Woman sitting alone with her hand on her head, looking depressed

Sandhya is a tireless chatterbox at the office. She constantly regales others with her witty and astute comments. She always has something to laugh about, and often, most of her jokes are at her own expense. At home, she usually keeps to herself, eats often and sleeps at odd hours. In fact she barely sleeps, and often spends hours lying in bed, struggling with insomnia. Her family thinks she is absolutely normal.

Sandhya suffers from hidden depression. Most of us have some idea of the symptoms of depression—those persistent feelings of sadness, loss of interest in people and activities, a negative mindset toward situations, decreased appetite and sudden weight loss. What is less known is that several people suffer from severe depression without showing any of these signs. So, how do we recognise if a loved one is suffering from hidden depression?

Here are some characteristic features that could indicate that a person you know and care about needs help:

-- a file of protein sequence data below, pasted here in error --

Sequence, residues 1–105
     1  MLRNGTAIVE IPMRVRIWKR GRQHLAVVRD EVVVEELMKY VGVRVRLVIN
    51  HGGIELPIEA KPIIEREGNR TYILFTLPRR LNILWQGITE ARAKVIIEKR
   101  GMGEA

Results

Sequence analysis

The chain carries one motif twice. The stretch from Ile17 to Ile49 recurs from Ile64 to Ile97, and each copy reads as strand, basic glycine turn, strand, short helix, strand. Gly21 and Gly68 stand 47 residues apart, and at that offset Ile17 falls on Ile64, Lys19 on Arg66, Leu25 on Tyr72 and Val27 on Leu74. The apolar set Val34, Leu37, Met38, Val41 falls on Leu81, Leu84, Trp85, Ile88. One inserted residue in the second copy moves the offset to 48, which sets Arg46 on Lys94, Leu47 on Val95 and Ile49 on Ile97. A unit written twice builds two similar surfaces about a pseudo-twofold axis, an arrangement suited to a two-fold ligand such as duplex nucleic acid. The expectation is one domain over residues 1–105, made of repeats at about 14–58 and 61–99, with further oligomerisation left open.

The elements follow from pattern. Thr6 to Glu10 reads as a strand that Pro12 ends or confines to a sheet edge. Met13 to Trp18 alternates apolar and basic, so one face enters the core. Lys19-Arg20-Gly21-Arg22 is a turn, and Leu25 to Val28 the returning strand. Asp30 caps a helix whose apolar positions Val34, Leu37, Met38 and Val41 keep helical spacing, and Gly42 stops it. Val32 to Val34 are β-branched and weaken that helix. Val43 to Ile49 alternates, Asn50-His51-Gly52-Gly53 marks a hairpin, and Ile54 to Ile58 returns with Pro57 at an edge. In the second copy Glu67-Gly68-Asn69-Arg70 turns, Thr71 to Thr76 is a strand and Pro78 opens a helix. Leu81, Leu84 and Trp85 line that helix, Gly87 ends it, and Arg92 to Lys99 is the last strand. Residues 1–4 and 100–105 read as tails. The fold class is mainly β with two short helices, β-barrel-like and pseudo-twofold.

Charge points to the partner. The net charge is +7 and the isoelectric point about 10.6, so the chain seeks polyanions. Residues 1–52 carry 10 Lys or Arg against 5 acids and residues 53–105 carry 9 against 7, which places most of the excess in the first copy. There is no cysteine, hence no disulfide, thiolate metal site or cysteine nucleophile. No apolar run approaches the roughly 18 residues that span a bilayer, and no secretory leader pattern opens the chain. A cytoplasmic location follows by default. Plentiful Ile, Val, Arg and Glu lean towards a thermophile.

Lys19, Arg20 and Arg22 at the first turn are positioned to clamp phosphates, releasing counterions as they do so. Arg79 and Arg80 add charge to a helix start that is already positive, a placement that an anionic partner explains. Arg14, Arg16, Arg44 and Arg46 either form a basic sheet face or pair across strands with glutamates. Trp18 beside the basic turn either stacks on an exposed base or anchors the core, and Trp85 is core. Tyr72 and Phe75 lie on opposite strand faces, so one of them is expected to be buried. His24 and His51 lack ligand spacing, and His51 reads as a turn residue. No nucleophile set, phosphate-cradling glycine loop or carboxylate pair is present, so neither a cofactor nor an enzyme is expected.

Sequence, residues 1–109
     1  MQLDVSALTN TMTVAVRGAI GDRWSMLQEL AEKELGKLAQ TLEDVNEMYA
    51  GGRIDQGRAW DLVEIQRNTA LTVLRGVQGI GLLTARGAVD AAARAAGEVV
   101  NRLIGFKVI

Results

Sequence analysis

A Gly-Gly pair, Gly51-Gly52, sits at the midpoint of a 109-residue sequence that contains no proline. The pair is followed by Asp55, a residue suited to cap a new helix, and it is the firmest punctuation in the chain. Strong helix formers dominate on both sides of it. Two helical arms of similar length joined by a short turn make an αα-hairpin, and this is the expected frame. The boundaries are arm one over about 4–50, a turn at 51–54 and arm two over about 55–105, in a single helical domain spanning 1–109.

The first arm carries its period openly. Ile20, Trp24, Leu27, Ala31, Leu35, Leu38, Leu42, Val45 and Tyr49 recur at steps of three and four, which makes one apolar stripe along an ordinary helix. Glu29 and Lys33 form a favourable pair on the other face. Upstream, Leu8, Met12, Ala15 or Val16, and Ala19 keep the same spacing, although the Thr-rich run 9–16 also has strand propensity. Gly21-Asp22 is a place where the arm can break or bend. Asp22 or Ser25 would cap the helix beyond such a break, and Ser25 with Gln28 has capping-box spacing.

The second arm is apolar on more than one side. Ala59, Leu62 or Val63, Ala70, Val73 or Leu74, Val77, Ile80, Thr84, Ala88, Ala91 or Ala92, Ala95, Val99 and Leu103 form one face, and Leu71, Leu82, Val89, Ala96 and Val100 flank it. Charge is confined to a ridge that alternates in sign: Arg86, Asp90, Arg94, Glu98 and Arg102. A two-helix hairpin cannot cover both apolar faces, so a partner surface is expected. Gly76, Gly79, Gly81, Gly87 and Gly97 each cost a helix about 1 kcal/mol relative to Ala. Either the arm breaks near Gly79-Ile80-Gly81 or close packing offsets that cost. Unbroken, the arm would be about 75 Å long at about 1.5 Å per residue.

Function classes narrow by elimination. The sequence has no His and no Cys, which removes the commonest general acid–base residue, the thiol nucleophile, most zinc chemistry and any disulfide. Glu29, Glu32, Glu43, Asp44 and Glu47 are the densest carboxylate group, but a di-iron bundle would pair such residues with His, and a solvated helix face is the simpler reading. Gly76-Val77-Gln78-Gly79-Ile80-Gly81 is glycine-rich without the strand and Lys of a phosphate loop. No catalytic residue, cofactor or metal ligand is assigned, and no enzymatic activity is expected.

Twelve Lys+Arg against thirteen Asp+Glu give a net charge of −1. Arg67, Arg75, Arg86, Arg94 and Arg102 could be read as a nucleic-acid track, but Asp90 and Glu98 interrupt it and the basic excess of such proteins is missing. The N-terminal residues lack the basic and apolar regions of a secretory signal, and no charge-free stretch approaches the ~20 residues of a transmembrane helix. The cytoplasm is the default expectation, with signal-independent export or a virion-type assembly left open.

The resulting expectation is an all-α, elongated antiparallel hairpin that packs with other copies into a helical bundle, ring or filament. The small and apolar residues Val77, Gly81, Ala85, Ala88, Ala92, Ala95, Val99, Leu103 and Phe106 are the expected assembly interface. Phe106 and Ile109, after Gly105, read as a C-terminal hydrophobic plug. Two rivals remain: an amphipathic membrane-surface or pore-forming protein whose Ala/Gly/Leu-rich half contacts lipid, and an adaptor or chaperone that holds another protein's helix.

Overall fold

Enforced Joie-de-Vivre

Like Sandhya, such people always put on a happy face for the world. However, this is a façade. Deep down, they are suffering with feelings of utter desolation, which is so unbearable and unthinkable that they prefer to escape into a world of forced gaiety. If you are perceptive and observant, you will notice fleeting moments when the façade vanishes and you get a glimpse into the dismay that the person may actually be experiencing.

Erratic sleeping and eating patterns

Most people with hidden depression have an odd relationship with food.

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A version of this article was first published in the May 2016 issue of Complete Wellbeing.

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